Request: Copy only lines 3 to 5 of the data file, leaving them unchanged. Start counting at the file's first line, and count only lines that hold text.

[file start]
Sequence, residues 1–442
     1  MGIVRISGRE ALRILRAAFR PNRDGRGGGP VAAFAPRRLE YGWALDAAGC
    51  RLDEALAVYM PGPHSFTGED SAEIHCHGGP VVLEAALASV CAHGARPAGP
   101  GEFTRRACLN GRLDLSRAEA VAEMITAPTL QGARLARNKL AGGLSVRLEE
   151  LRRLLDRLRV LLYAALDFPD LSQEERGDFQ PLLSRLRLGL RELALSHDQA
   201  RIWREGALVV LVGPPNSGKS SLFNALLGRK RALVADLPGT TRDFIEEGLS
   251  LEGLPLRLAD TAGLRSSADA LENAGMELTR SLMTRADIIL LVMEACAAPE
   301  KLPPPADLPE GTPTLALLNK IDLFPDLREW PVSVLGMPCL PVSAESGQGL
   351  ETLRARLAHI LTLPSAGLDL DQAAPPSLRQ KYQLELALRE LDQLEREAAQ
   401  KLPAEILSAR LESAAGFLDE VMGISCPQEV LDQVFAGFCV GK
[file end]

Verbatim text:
    51  RLDEALAVYM PGPHSFTGED SAEIHCHGGP VVLEAALASV CAHGARPAGP
   101  GEFTRRACLN GRLDLSRAEA VAEMITAPTL QGARLARNKL AGGLSVRLEE
   151  LRRLLDRLRV LLYAALDFPD LSQEERGDFQ PLLSRLRLGL RELALSHDQA